B.C. releasing more detailed geographic COVID-19 data, but critics say it’s not enough

Click to play video: 'Mayors say new city-by-city COVID numbers aren’t detailed enough' Mayors say new city-by-city COVID numbers aren’t detailed enough
WATCH: B.C. health officials have released new COVID-19 numbers that show cases on a city-by-city basis, but several mayors say they don't drill down far enough – Dec 11, 2020

British Columbia health officials are now releasing more detailed data on the spread of COVID-19 in the province’s communities.

As of Thursday, the B.C. Centre for Disease Control will now report case data by local health area, which in some cases breaks the information down by city, or even portions of cities, on a weekly basis.

Read more: Coronavirus: B.C. health officials aren’t saying which communities have cases. Here’s why

That data was previously only reported monthly.

Under the new reporting format, COVID-19 hot spots become immediately visible.

For the week of Nov. 29 to Dec. 5 — the most recent reporting period — Delta, Surrey, Abbotsford, the Central Okanagan, Kettle Valley, Nechako and Nisga’a regions immediately stand out as having more than 20 cases per 100,000 residents.

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Read more: B.C. reports 737 new COVID-19 cases, as deaths approach 600

The B.C. CDC has also launched a new COVID-19 Epidemiology App, which allows the public to break up case and test positivity trends by health service delivery area — regional categories that are not as detailed as local health area.

That data shows encouraging trends in new cases per million in parts of the Fraser Health region, but worrying increases in the Northern Interior and Northwest.

Members of the public and media have been calling for more granular data for months, but have faced resistance from health officials.

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On Thursday, provincial health officer Dr. Bonnie Henry defended the province’s approach, citing privacy.

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“We’re now at a point where you can’t re-identify somebody by the geographic area that they live in, because of the number of cases we’ve had,” Henry said of the release of more detailed data.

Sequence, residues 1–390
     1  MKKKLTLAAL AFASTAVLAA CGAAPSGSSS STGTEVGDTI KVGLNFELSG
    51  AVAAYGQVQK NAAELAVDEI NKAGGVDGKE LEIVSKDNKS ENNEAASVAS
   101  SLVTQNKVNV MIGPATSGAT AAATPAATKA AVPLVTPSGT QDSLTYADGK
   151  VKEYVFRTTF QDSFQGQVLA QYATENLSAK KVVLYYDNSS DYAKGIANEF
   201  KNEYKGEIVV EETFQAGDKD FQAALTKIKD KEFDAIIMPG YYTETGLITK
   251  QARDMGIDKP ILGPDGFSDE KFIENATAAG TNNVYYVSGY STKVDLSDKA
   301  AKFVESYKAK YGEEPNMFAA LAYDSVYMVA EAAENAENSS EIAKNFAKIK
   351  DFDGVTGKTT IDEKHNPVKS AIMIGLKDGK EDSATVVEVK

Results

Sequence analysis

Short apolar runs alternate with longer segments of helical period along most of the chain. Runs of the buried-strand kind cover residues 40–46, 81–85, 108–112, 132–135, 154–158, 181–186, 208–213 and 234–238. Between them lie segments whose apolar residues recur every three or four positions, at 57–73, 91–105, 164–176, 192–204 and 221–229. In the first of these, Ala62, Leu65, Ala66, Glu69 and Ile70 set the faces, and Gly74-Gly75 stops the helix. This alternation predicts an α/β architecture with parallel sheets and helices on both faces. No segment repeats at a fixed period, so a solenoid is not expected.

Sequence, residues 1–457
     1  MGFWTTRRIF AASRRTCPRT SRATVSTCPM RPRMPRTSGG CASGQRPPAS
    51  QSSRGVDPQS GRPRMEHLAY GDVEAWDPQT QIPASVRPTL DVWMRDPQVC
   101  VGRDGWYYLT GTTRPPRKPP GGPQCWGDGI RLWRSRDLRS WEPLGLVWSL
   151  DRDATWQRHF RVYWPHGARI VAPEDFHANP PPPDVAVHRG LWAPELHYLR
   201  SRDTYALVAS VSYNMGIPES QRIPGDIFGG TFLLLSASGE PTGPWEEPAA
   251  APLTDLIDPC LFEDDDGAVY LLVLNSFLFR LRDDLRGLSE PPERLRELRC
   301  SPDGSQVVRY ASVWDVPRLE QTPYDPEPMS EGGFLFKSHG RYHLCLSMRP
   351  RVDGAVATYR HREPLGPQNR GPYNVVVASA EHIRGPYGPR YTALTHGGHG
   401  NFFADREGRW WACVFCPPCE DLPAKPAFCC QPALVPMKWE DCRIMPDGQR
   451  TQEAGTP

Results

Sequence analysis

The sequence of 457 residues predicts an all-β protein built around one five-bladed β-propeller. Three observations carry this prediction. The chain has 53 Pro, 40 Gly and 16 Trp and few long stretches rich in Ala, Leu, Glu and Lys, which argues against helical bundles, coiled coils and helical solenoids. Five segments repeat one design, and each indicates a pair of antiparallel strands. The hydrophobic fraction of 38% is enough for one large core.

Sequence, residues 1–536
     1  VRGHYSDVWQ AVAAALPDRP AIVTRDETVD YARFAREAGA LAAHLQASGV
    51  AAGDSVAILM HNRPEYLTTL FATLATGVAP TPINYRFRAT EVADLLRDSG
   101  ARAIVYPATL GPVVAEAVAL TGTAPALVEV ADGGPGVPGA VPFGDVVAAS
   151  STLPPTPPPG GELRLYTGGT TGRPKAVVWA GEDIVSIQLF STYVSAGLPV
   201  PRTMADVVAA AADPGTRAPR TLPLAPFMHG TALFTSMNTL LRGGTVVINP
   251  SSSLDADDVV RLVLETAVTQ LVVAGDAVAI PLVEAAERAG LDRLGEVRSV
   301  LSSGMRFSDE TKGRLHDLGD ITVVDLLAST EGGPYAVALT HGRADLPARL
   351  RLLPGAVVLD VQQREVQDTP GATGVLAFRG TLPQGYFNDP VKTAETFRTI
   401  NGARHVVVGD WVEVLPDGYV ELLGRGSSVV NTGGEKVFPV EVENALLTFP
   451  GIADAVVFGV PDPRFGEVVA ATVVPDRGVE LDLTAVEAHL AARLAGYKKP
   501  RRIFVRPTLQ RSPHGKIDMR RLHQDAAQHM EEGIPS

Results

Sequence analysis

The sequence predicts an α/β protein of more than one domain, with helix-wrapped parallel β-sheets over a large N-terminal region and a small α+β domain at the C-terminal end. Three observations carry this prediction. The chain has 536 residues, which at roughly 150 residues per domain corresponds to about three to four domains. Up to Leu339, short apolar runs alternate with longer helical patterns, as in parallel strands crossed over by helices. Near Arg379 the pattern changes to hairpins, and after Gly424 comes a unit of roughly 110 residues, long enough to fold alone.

Read more: Coronavirus: 99 new cases announced for Interior Health region

“It is unfortunate that in many communities now there is still remains stigma associated with this disease and we have heard from many people that it is a challenging time for them, and that they don’t always get support from their community when they are identified as having COVID-19.”

Henry also reiterated the province’s stance that people need to be aware that COVID-19 is a risk in all parts of the province, even if case numbers are not climbing in their area.

But the change in reporting hasn’t satisfied some critics.

Delta Mayor George Harvie pointed out that under the local health area model, the City of Vancouver is broken into six distinct sub-regions.

Delta, Langley and Abbotsford, by comparison, are lumped into a single block each, while Surrey is broken into two.

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“We had over 900 cases in November. That’s more than Vancouver Island had for the whole pandemic, but they’re getting a breakdown,” Harvie told Global News.

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Harvie and a group of other mayors south of the Fraser have sent five letters to the provincial government asking for more detailed data. He says they have not received a response.

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“We’re just asking to be treated the same as Vancouver,” Harvie said.

“I’ve had people in Delta and Tsawwassen talk to me and say, ‘It’s not even around here is it?” and I’ve said, ‘No, it’s around here,” (and they respond) ‘Well, I don’t see any numbers.’ So we really need, from an education and awareness point of view, these numbers.”

Harvie pointed to the City of Toronto and Washington state as examples of jurisdictions that have been highly transparent in reporting COVID-19 data, with no harm to the public.

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Toronto goes as far as to provide a live map of COVID-19 cases broken into dozens of individual neighbourhoods.

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He said it’s information that residents need in order to make informed decisions.

Municipalities also need in order to better allocate scarce resources, conduct targeted enforcement and make planning decisions such as whether or not to open or close recreation facilities.

“It should be available for everybody to look for themselves,” Harvie said.

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